Several weeks ago I was in the grocery store, wandering through the produce section, when I found myself face to face with a banana box, full of ripe bananas, marked down to $5.
Now perhaps a normal person would have merely glanced at it and thought, "Now that's a lot of bananas," and continued about their business. I, however, stopped, stared, and began to visualize the smoothies, loaves of banana bread, ice cream and who knows what else that I could make with several kilograms of bananas. For five dollars. Which worked out to something like five cents a banana. I wouldn't have to buy another banana all summer!
So, without further ado, I hoisted the giant box of bananas and waddled, huffing and puffing, over to the cash register, plunked it down, and then repeated the huffing waddle process again on my way to the car. Despite the weight and the heat, and the overall awkwardness of stuffing a giant box of bananas into one's car, I was full of glee.
You see, I grew up in a house with my father, who is a special person, for reasons I do not have the space or time to share with you in one post. But one quirk of my dad's that has left its print on me - at least when it comes to groceries - is his stinginess.
Growing up, the sight of my dad, sitting at the living room coffee table with every grocery store flyer before him, diligently going through each one, marking sale items and compiling a shopping list on the back of some random used envelope in his slanted scrawl, was a weekly one. Sales on items such as lamb, pork tenderloin, butter, toilet paper, and salad dressing were cause for celebration. My dad budgeted like nobody's business. No name products dominated in our household because they were cheaper, and almost everything was purchased in bulk to save money. And lets not get started on my dad's love affair with coupons.
So when I left home and started grocery shopping on my own, I found myself pouring over grocery flyers and often stalling in the grocery aisle, staring at all the jars of peanut butter, calculating the differences in price and size to figure out which was the better buy. BOGO weeks were always my favourite weeks to shop - two bags of apples for the price of one? HELLO - and I was not above using the odd coupon to save 75 cents. I also always take my change at Tim Horton's. (Yes I would like my one cent in change, please, I'm obsessively cheap - no, the summer camp children cannot have my money, I need coffee more than they need a camping trip.) Thanks to my father, I am a marked person.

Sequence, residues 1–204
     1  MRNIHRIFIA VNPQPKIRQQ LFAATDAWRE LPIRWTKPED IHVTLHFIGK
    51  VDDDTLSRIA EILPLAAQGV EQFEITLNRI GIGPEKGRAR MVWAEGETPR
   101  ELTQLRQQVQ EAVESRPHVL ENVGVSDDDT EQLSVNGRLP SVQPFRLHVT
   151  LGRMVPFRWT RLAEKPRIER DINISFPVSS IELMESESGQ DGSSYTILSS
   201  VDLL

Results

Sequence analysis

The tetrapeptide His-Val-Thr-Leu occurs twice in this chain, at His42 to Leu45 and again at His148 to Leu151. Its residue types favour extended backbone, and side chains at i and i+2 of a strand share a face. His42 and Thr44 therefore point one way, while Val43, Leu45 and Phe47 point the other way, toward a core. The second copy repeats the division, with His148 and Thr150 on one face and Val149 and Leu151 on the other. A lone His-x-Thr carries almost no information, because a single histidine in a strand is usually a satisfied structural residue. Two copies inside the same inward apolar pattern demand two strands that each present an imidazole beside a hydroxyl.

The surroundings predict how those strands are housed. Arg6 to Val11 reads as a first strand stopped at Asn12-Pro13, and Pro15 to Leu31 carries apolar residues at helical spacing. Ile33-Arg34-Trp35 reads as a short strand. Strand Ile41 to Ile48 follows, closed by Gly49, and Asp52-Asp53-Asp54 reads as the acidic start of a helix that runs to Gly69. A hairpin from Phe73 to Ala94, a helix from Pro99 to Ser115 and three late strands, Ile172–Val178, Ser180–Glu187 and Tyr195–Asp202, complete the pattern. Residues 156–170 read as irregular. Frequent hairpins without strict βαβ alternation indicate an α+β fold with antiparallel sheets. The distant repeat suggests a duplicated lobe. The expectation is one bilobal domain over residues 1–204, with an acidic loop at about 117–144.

It was no surprise, then, or it shouldn't have been, when my parents returned home from Europe to find the freezers stocked with bags of frozen bananas (which I spent nearly an hour, peeling, breaking into pieces, and storing in ziplock bags). "Why are there so many bananas?" my mother asked, confused. "They were on sale," I said, "for five dollars. Dad should be proud of me!" My father, however, proceeded to bemoan the seemingly endless mountain of bananas he encountered every time he opened the freezer. "But Dad," I kept telling him, "you won't have to buy bananas! You'll have them forever!" "Exactly," was his morose response. It was perhaps at that point that he realized he had created a monster.
Very Berry Ice Cream Cake
This is "ice cream" cake is the perfect finish to a summer evening, and while it requires a little planning ahead, it's a cinch to put together. This recipe, like most of my recipes, is more of a guideline though, so feel free to swap the raspberries with strawberries, blueberries, blackberries, or whatever fruit you have on hand.
The crust can be assembled ahead of time or the day you make the filling.
2 cups Almonds
1/2 cup Coconut
Zest of 1 Lemon
1 cup Medjool Dates (or soaked dates)
1. Place almonds, coconut, and lemon zest in a food processor and process until the almonds are pea sized.
2. Add the dates, a few at a time, and pulse to combine. If the mixture holds together when pinched, it's ready. If not, keep adding dates until the mixture is sticky enough to hold together.
3. Line a 9-inch removal bottom cake pan with waxed or parchment paper. Pour crust mixture into the pan and, using your fingers, press evenly into the bottom of the pan. Set aside.
"Ice Cream" Filling
1/3 cup Raw Cashews, soaked at least 5 hours
1/3 cup Lemon Juice (or juice of 2 lemons)
Zest of 1 - 2 Lemons
3 - 4 Frozen Bananas
2 cups Raspberries (fresh or frozen)
1 - 3 tbsp Honey or Agave (optional)
1. Cover cashews with water and let soak for at least 5 hours or overnight. After soaking, drain the cashews and place them in a blender with lemon juice and lemon zest. Blend on high until creamy and smooth, stopping the blender to stir and scrape down as needed.
2. In a food processor, place bananas and process until they achieve a soft-serve consistency. Add raspberries, cashew cream and process until smooth. If you like your cake a little sweeter, add honey or agave to taste, processing to combine.
3. Pour mixture onto your prepared crust, and smooth out evenly with a spatula. Place in the freezer to let set for at least 1 hour before serving.
4. Before serving, run a sharp knife under hot water and then run it around the edge of the cake pan to loosen and prevent sticking. Release the pan and transfer the cake to a serving plate or cake stand. Slice and serve immediately.
5. Store any leftovers (if any) in the freezer. Cake should keep for up to at least 2 weeks.